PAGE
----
Please see our player page for J.T. Realmuto to see projections for today, the next 7 days and rest of season as well as stats and gamelogs designed with the fantasy baseball player in mind.

One word about this top 100 for 2020 fantasy baseball, before I give you another 5,000 words. I’m going to avoid repeating myself from the position rankings in the 2020 fantasy baseball rankings. If you want to know my in-depth feelings about a player, then you need to go to his positional page, i.e., the top 20 1st basemen for 2020 fantasy baseball, the top 20 outfielders for 2020 fantasy baseball, the top 20 Patterns In Queso That Look Like Messages From Another Planet for 2020– Okay, but I almost got you. This post is meant to give you an idea where guys from different positions are in relation to each other. Since this post is only the top 100, there’s more players where this came from. 467 more, to be very exact. Next up, there will be a top 500 that will go to 567. Then, after that, there will be a top 7,500 that will go to 8,602, then a top 25,000 that will go to 28,765, then a top 600,000 that will go to 892,121, until we end up with a top kajillion in April that will go to a kajillion and one. Or maybe I’ll stop at the top 500. Yeah, that makes sense. Not to get all biblical on you, but this is the gospel. Print it out and take it to Mt. Sinai and it will say, “Win your 2020 fantasy baseball league, young prematurely balding man.” Projections were done by me and a crack team of 100 monkeys fighting amongst themselves because there were only 99 typewriters. Somebody please buy Ling-Ling his own typewriter! Razzball Subscriptions are also now open. Early subscribers get Rudy’s War Room, and you can go ad-free for a $9.99. Anyway, here’s the top 100 for 2020 fantasy baseball:

Please, blog, may I have some more?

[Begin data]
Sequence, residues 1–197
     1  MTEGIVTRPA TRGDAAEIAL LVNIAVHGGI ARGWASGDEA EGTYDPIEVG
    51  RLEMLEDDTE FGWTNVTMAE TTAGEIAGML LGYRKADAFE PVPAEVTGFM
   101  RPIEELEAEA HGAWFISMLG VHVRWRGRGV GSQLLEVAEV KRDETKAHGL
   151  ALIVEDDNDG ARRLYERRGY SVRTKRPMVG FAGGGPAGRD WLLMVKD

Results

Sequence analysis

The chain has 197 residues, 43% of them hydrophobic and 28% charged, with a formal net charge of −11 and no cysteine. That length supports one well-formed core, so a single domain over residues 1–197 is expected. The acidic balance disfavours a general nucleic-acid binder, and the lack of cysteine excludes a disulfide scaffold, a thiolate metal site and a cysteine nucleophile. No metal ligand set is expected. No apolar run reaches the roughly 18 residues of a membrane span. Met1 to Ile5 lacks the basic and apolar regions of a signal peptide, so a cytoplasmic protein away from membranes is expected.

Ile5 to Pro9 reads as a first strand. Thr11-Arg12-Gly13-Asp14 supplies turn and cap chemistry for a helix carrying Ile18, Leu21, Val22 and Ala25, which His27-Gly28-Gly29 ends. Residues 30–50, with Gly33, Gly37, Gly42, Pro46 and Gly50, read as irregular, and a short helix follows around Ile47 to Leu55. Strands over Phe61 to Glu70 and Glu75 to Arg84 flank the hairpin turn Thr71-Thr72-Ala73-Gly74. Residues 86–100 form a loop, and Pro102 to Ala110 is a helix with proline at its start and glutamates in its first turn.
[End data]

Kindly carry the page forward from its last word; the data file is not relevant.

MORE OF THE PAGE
In the last couple of weeks, we’ve taken an early look at first and second base and how those positions are stacking up for fantasy baseball this year, particularly in terms of how the state of the position might affect those of us in NL-only, AL-only, or other deep leagues.  This week, we’ll move on to catcher.  Why didn’t we just start with the catching position?  Mainly because talking about catchers felt like a phenomenally boring if not mildly depressing way for me to kick off my posts in 2020.  But the more I’ve thought about it, I’ve changed my mind significantly on that front.

Not only do I feel that there are more interesting catching options out there than there have been in a few years, but thinking about some of my teams last year is also reminding me that catcher is one of the positions that is most relevant to discuss when thinking about how to attack it based on differing league parameters.  Any given owner’s approach to drafting or buying a catcher might vary wildly even within the same drafting season depending on how that league’s rosters are structured, but the more we know about the position in general, the better.  All information in terms of catching options, how tiers are looking, and which of last year’s results might help us prepare better for this year, can help as we head into drafting for the current season — whether we’re choosing a team for a standard re-draft mixed-league with a head-to-head format that only uses one catcher, a 12-team NL-only roto keeper league that employs two catchers, or anything in between.

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Hello, darkness, my old friend.  But replace ‘darkness’ with ‘catchers’ and ‘my old friend’ with ‘we have to get through this to get further into our 2020 fantasy baseball rankings.’  Hmm…Then replace ‘our 2020 fantasy baseball rankings’ with ‘my 2020 fantasy baseball rankings,’ then replace ‘with’ with ‘wit’ to millennialify it, then replace every third ‘replace’ with ‘in place of’ to diversify word choice because my 3rd grade teacher, Ms. Pinatauro, said we shouldn’t repeat words–Actually, she can eat it!  After going over the top 10 for 2020 fantasy baseball and the top 20 for 2020 fantasy baseball (clickbait!), we are now in the positional rankings, and all 2020 fantasy baseball rankings can be found there.  Here’s Steamer’s 2020 Fantasy Baseball Projections for Hitters and 2020 Fantasy Baseball Projections for Pitchers.  The projections noted in the post are my own, and I mention where tiers start and stop.  I also mention a bunch of hullabaloo, so let’s get to it.  Anyway, here’s the top 20 catchers for 2020 fantasy baseball: